suggesting possible ways of improving the legal framework, namely developing
regional conventions; concluding more ad hoc agreements; and negotiating a
new universal convention employing a range of jurisdictional bases, such as
nationality, port-state and territoriality.

The duty to cooperate for the preservation of


UCH: the current legal framework

2.1

The UNCLOS

2.1.1 The UNCLOS and UCH


The question of UCH was first raised at the international level during the long negotiations that resulted in the adoption of the UNCLOS.6 However, UCH issues
were not high on the agenda and did not receive much attention.7 Commenta5

For an analysis of the different law making approaches in the protection of UCH compared
with other fields of public international law, such as international economic law, see M Risvas,
`Multilateral and Bilateral Approaches in the protection of Underwater Cultural Heritage'
(2013) TDM (forthcoming). On the interplay between international investment law and UCH
protection, see V Vadi, `Investing In Culture: Underwater Cultural Heritage and International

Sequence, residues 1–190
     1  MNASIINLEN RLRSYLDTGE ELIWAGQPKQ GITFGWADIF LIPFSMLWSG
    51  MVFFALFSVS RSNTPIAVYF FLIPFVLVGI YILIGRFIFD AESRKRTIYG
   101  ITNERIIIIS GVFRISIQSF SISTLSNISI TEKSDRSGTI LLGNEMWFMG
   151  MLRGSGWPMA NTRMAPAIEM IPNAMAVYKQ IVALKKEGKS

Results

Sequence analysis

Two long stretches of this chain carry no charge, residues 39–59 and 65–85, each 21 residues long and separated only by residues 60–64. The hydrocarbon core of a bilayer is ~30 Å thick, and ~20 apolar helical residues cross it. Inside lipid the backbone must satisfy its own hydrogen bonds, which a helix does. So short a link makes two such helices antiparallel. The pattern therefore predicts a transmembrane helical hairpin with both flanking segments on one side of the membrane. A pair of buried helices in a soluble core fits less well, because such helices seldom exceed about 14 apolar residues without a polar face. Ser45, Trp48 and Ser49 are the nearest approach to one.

Investment Law' (2009) 42 Vanderbilt J of Transnational L 854, 878ff; cf. Malaysian Historical
Salvors SDN, BHD v Malaysia, ICSID Case No ARB/05/10 (Award on Jurisdiction, 17 May 2007).
Before the UNCLOS, the silence of public international law on the matter of UCH was part of
what Altes called a `legal labyrinth'; see A Altes, `Submarine Antiquities: a legal labyrinth' (1976)
4 Syracuse J of Int L & Commerce 77, 94.
D Watters, `The Law of the Sea Treaty and Underwater Cultural' (1983) 48 American Antiquity
808, 809. This can be partly explained by the fact that underwater archaeology as a distinct
discipline emerged in the 1970s; see L H van Meurs, Legal Aspects of Marine Archaeological Research
(1985) 35. Technological progress and particularly the invention of aqualung in 1943 made
underwater archaeological activities feasible; see A Strati, The Protection of the Underwater Cultural
Heritage: An Emerging Objective of the Contemporary Law of the Sea (1995) 1. Muckelroy described

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The Duty to Cooperate and UCH

565

tors observed `a lack of interest by many States, passionate commitment by some


and outright antipathy by others.'8 Consequently, it comes as no surprise that the
UNCLOS contains only two provisions concerning the protection of the UCH:
Articles 149 and 303. UNCLOS Article 149 specifically deals with UCH found in
the Area:9
All objects of an archaeological and historical nature found in the
Area shall be preserved or disposed of for the benefit of mankind as